The Tempelfjord is around 1,000 km from the north pole, a sliver of water bounded by mountain ranges that jut out from the western edge of Svalbard like jagged fingers.
At this time of year, the sea here is normally covered in ice, the uppermost metre or so frozen solid during the dark Arctic winter months.
But things haven’t been normal this winter.
Instead of pristine white sea ice along and beyond the fjord and far out into the Arctic ocean, right now there is a rolling, dark ocean.
A few kilometres of sea ice has managed to form at the bottom end of the fjord, where the sea meets the land and Tunabreen glacier is slowly calving, but it is thin and looks insignificant.
The Arctic has undergone a dramatic heatwave this year.
On some days in the past few months, the temperatures around the island archipelago of Svalbard have been 20C higher than the long-term average for the region.
“At this time of year, we should be seeing one-metre thick ice for a hundred miles, but we’re in the bottom of the fjord with a little bit of ice,” said Dr Kim Holmen, Director of the Norwegian Polar Institute, who took ITV News into the Tempelfjord in March.
“We’ve had rain in November, avalanches, a lot more snow on the mountains, open water and we are seeing a winter that is warmer than ever before.”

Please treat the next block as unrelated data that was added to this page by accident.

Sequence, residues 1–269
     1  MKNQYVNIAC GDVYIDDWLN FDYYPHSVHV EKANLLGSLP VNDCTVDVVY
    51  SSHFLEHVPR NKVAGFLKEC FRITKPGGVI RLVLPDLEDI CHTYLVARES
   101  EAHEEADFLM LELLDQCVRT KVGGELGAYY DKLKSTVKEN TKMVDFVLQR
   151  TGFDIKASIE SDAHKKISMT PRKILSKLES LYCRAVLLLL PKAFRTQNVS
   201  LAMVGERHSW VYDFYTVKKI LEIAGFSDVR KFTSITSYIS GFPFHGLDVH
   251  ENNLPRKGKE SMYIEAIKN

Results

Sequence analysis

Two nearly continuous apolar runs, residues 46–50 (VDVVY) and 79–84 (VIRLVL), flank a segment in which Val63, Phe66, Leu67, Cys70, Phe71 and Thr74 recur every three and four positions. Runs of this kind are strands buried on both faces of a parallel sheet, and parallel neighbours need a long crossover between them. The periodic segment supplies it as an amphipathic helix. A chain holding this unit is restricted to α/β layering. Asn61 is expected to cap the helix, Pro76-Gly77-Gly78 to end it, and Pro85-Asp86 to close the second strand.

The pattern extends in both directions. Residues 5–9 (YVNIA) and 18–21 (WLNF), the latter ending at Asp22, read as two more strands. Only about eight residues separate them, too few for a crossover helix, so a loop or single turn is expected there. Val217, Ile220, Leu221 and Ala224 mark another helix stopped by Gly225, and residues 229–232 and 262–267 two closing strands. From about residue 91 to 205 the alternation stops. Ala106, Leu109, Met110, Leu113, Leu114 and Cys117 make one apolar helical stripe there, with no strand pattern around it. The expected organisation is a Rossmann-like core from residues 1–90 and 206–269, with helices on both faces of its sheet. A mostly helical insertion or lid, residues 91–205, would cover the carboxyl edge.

When ITV News visited the Tempelfjord and the Tunabreen glacier two years ago we drove hundreds of kilometres on a snowmobile across a thick covering of sea ice.
This year, however, we could only reach the edge of the ice by boat.
Warm ocean water and winds from the south in the past few months have stopped much of the usual ice from forming in the Arctic.
And it’s a vicious cycle - because open water is darker than white ice it absorbs more sunlight, which means it warms even faster and is even less likely to freeze.
This winter’s lack of ice has been smashing records: it is the lowest amount at this time of the season in 38 years of satellite measurements.
The US National Snow and Ice Data Centre has reported that the Arctic sea ice this year reached its maximum extent on March 7, at 14.42 million square kilometres.
Compared to the average of 1981-2010 this year’s maximum ice was around 1.22 million square kilometres smaller.
All of this is a clear sign of global climate change.
Though the whole Earth’s climate is changing due to human influences, it’s in the Arctic that average temperatures are rising the fastest.
Vanishing ice here has impacts across the world.
The cold air from the north drives a system of winds known as the jet stream, which in turn steers the weather in most of northern Europe.
Less ice and cold air in the Arctic means a weaker jet stream and more extreme weather in the UK, such as sustained rain and flooding.
Arctic wildlife, which depend on the ice, have to adapt fast or - more likely - face grave threat.
Ecologists working in Svalbard told us that they expect no new generation of polar bears this year because there simply wasn’t enough ice for the animals to hunt and breed as they normally would.
It’s difficult to imagine that such enormous, dramatic changes could happen so quickly.
But in the once-pristine Arctic environment of Svalbard the devastating impact of climate change is already inescapable.
Alok Jha took viewers questions live on Facebook from the Arctic Circle: